Icelanders celebrate soccer side's French fairytale
By Ragnhildur Sigurdardottir
REYKJAVIK (Reuters) - Icelanders exploded with joy and pride when their national side claimed a 2-1 victory against Austria for a place in the knockout stages of Euro 2016 on Wednesday, writing the most glorious page in their sporting history.
In living rooms and bars across the country of 330,000, locals draped in the national flag screamed, sang and danced after substitute Arnor Ingvi Traustason scored a stoppage-time winner that secured their ticket for the final 16.
In central Reykjavik, residents partied in the street with strangers hugging and crying, Reykjavik Grapevine, an Icelandic news website and magazine, reported. "The fairytale continues," local daily Frettabladid's headline said on Thursday.
The country had shut down early ahead of the game, with many workplaces closing for business to let employees watch the match, which started at 4pm local time.
"There were a few tears. My son-in-law shouted so much, he thinks he has broken a rib," said Matthias Kjartansson, 60, who was watching the game at home with his family.
"The final seconds of the game, I hardly believed it, it was just a fantastic result."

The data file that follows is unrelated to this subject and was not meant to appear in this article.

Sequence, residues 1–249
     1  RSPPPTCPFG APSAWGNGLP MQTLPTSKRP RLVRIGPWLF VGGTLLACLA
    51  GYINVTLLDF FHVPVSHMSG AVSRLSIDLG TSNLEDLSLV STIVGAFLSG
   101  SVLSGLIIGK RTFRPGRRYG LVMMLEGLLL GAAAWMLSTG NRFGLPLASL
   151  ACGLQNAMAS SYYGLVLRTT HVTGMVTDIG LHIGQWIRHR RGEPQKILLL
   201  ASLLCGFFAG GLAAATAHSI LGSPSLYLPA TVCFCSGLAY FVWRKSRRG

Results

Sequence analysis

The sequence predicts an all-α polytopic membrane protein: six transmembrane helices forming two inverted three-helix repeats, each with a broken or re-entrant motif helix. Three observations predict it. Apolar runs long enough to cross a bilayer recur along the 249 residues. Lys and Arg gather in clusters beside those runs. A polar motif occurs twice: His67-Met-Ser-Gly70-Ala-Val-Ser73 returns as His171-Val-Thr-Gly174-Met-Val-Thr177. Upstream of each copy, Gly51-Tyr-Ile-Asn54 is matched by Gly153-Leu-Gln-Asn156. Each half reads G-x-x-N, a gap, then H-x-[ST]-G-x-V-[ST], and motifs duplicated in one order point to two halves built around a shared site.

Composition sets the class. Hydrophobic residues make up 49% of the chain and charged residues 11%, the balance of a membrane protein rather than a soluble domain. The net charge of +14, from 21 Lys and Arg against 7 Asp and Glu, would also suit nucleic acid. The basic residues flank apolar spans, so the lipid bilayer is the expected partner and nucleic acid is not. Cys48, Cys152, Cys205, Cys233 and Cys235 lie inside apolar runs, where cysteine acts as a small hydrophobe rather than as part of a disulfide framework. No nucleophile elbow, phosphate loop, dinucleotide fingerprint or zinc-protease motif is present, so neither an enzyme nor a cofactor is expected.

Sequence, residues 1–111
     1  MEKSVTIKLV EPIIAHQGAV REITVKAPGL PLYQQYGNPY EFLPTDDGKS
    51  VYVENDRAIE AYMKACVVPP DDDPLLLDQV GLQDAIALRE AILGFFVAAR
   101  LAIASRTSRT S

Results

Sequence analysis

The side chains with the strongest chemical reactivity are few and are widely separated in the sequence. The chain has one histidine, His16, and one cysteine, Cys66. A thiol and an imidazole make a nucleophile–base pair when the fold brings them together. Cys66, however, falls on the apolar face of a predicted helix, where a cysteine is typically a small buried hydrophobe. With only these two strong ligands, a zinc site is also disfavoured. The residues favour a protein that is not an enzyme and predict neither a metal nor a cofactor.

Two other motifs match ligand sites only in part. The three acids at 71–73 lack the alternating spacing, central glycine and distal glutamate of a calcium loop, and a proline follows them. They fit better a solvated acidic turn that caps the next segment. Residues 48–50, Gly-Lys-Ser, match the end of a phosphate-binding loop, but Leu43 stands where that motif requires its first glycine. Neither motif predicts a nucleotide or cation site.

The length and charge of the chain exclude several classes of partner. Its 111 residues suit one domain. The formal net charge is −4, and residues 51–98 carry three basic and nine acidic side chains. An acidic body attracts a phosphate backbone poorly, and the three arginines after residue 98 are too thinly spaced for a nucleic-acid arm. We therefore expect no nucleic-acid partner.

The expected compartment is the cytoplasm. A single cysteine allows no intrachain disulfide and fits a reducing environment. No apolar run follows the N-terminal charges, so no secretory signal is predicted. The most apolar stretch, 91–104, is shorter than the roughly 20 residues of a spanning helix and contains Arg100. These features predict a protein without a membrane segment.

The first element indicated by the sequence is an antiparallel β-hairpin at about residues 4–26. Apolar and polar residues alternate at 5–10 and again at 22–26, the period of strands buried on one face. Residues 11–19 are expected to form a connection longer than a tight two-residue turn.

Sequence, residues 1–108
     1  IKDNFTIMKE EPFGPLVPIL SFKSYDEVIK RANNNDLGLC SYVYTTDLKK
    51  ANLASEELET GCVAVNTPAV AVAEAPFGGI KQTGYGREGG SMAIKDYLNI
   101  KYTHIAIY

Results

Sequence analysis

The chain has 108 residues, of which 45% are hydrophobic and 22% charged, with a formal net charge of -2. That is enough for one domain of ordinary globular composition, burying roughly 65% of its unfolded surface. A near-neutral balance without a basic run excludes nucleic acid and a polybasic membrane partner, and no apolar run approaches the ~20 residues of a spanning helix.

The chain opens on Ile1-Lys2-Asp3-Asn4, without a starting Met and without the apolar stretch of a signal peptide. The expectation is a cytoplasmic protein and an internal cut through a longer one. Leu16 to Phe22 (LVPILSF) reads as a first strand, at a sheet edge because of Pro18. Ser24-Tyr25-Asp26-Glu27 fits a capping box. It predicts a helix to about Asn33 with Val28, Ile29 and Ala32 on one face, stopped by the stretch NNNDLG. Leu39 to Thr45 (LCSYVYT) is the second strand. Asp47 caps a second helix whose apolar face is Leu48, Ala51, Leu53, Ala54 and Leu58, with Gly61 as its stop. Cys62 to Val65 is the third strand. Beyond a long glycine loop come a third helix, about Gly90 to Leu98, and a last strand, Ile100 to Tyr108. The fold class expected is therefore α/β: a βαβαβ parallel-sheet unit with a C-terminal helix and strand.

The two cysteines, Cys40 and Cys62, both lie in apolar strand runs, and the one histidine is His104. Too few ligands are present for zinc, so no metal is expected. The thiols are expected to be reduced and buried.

An estimated eight percent of the population is in France to support the national side, including the island's Prime minister.
"There are no words to describe this result," PM Sigurdur Ingi Johannsson told Icelandic broadcaster RUV from France.
"We are competing for the first time in a big tournament - the men that is, the women have surely done that before - and here they are writing a big chapter in the nation's sports history."
National carrier Icelandair is considering adding extra flights to France, in expectations of more Icelanders wanting to support the team, local broadcaster RUV reported.
Some were shocked that Iceland were able to go further than the group stage.
"To be honest we were a little surprised," said Ragnar Eiriksson, 37, a chef at Dill restaurant in central Reykjavik who watched the game with staff ahead of the evening service.
"People were feeling fortunate just to have qualified for the Euro and see our football team able to play in such a tournament."
Iceland will meet England on Monday. If England fans think their side got lucky by meeting Iceland in the next round, maybe they should think twice.
"We drew against Portugal and won against Austria. I think we are going to do it," said Eiriksson. "I am looking forward to Monday."
And the dream of repeating the successes of Denmark in 1992 and Greece in 2004, when both sides won the tournament as massive underdogs, has been very much boosted by the team's success so far.
"If we play organised like we have done so far, we definitely have a chance," said Kjartansson. "We are not there just to participate, we are here to win."
(Writing by Gwladys Fouche, editing by Julien Pretot)